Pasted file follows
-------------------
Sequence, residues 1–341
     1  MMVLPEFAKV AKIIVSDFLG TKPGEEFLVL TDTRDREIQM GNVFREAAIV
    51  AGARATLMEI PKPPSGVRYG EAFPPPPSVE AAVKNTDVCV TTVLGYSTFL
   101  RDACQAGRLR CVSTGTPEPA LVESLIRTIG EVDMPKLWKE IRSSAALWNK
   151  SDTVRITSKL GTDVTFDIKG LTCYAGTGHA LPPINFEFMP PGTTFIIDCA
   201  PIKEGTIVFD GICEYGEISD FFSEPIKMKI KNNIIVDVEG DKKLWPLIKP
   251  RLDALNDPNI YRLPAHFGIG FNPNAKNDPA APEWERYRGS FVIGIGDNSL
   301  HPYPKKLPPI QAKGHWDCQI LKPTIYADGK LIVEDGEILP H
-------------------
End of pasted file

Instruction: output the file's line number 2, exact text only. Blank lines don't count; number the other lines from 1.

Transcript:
     1  MMVLPEFAKV AKIIVSDFLG TKPGEEFLVL TDTRDREIQM GNVFREAAIV